In general, the traditional approach of working with a publishing house can be more lucrative for creators, often giving greater credibility and prestige to a published book. The backing of a book publisher also means you’ll have a professional team to support editing, branding, distributing, and marketing your book.

However, today’s publishers mainly work with experienced writers who’ve amassed a reputation or a large audience via blogging or other high-profile writing—or celebrity status. That’s mainly because publishing companies foot the bill to publish the book and bear the risk of funding, producing, and distributing the finished product. Because of this financial risk, publishing houses are highly selective in whom they work with and what they publish.

On the other hand, self-publishing provides greater creative control, editorial flexibility, and faster turnaround. It’s also a more accessible option for the vast majority of writers who don’t have an impressive track record to land a book deal with a publishing house. 

However, self-publishing can be more costly up-front as the bookmaker assumes all financial responsibility. There’s also no guarantee that a self-published book will become a bestseller, so it’s wise to have realistic expectations and goals for your piece once it’s out in the world.

How much does it cost to self-publish a book?

The cost of self-publishing a book depends on the services and options you need, as expenses are different if you need editing and design or formatting and printing. 

Based on estimates across various genres, the cost of self-publishing can vary greatly, with text-heavy books costing $3,800 to $6,000 or more to edit, design, and produce. But, of course, plenty of creators also create and print their books for less than $500. That’s why it’s essential to research, compare prices, and have a clear budget in mind before embarking on the self-publishing journey.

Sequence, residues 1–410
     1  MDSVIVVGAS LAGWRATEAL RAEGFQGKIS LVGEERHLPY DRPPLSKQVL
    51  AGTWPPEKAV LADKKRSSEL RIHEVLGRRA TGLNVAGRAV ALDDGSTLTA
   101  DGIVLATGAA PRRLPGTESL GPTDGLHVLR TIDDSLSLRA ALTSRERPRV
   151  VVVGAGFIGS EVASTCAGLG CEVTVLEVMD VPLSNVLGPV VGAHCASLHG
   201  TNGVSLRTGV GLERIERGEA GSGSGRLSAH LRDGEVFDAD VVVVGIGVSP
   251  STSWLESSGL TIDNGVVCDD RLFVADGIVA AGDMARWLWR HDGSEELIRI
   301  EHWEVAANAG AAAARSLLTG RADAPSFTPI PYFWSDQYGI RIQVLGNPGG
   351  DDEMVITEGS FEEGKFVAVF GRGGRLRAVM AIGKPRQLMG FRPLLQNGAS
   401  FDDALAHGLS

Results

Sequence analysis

You can take two paths to self-publish printed copies of your book: print-on-demand (POD) and volume printing (offset printing). POD involves printing a specific number of books, including one at a time. While more expensive than volume printing, POD provides greater flexibility for self-publishers. POD is also quicker to get your published book, as books are created in the same facility without shipping components to different sites for assembly.

On the other hand, volume or offset printing is the traditional method of publishing books in large quantities. This process involves printing many book copies in a single run, which is usually more cost-effective—and can be the only option for books requiring special treatments like a unique size or specific paper type. But volume printing can be more costly upfront to self-publish a book, as you’ll need to pay for more copies and make sure you have zero errors before you print.

Person creating a storyboard for their self-published book

How to self-publish a book

If all of the above points toward self-publishing, it’s time to start! Whether your project is a personal memoir, expert field guide, or future bestselling romance, you decide how to create and self-publish your book. However, several best practices can help you go from a dream to success.